All the pictures of the 3D printable kingdom on the Kickstarter page, except for the stretch goals, are in color and painted. A dirt path in the forest in the pictures is recognizable, because the ground has a different color than the trees, and the stones lining the path have yes another color. But printed and unpainted everything has the same color, the stones are tiny bumps you barely see, and it is really hard to make out where the path is. I printed a few tiles I put together to form a landscape, but the result is much worse than a map I would paint with an erasable marker on a battle map. I would need to paint the thing to make it even remotely useful.

As I said, it's my own fault, I should have thought of that problem earlier and not be seduced by the colorful pictures. And maybe I can at least use the village and town tiles to make useful maps for my campaign. But Pintsized Realms remains the only Kickstarter project that I now regret backing.

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Sunday, September 08, 2019
 
Pseudo skill-based

If you are an average player like me in World of Tanks, you frequently run into a situation where you get outspotted and killed by an invisible enemy tank which you never even see. As the game tells you which player killed you, you can then frequently see that they have a very high win rate and WN8. Thus they are "skilled players" and outplayed you? Well, not so fast. To some extent they certainly play well, know all the good positions on all the maps, and don't make as many stupid mistakes as the lesser players do. But chances are that their tanks also simply have better stats.

There is equipment in the game which is bought with bonds, and unless you have been playing for years, you won't have any or much of it. Also crew experience accumulates rather slowly, so again having played for years and having a crew with several skills helps. Finally the player who already has all the tanks can play the best tanks in the game, while the newer player will often play a not-so-good tank, sometimes not fully researched, in order to climb up a tech tree.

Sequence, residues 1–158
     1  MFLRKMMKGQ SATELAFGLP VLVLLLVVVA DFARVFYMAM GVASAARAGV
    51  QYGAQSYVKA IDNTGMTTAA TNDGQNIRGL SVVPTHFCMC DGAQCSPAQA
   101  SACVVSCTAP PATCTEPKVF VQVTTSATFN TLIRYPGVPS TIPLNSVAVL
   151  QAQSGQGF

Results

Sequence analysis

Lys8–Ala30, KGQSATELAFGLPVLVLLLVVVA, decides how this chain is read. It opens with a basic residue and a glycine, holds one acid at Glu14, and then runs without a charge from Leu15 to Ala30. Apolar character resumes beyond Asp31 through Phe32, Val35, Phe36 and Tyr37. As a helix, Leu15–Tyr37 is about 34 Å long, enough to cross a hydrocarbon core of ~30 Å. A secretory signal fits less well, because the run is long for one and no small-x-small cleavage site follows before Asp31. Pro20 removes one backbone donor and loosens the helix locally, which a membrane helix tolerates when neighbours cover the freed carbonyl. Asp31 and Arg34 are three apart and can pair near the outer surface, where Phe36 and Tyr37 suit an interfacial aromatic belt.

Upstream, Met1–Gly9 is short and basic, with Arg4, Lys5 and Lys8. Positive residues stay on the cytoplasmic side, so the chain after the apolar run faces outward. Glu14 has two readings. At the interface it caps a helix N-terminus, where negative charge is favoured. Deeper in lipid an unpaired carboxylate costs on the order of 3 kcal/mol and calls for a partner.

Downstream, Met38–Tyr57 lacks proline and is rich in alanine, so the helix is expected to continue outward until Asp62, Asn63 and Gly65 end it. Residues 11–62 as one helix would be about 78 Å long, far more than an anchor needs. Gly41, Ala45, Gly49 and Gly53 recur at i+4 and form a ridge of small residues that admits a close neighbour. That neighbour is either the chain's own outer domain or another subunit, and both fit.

Spotting in World of Tanks has relatively little to do with skill. A skilled player can certainly outplay me in a short-range brawl. But over a distance who sees whom depends solely on stats, view range and camouflage, modified by things like bushes. Some positions on some maps are simply impossible to assail if they are being held by a tank destroyer with high view range and camouflage stats. Not much skill required on the part of the tank destroyer player, he just sits in a bush and waits.

In terms of game design this isn't ideal. Basically it gives an advantage to the players who, being veterans to the game, already are more skilled. Newer players can't catch up; even if they are fast learners they can't get all the veteran reward advantages that fast. Given how the matchmaker doesn't even try to match higher skilled players against each other, and less experienced players against each other, the result is a game that isn't very friendly towards new players. And that is always a bad feature in an online multiplayer game.

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Thursday, September 05, 2019
 
I'm cured!

If you keep up with gaming news, streams, and videos, WoW Classic has become impossible to ignore. The first guy hit level 60 after only 79 hours of /played time, got accused of using layering to cheat, then deleted his character. Many people are playing, but most are still on their way to 60. And so I come across lots of gameplay videos and streams, watch other people play World of Warcraft, and realize: I am cured! I feel absolutely no desire to play World of Warcraft in any form, Classic or not.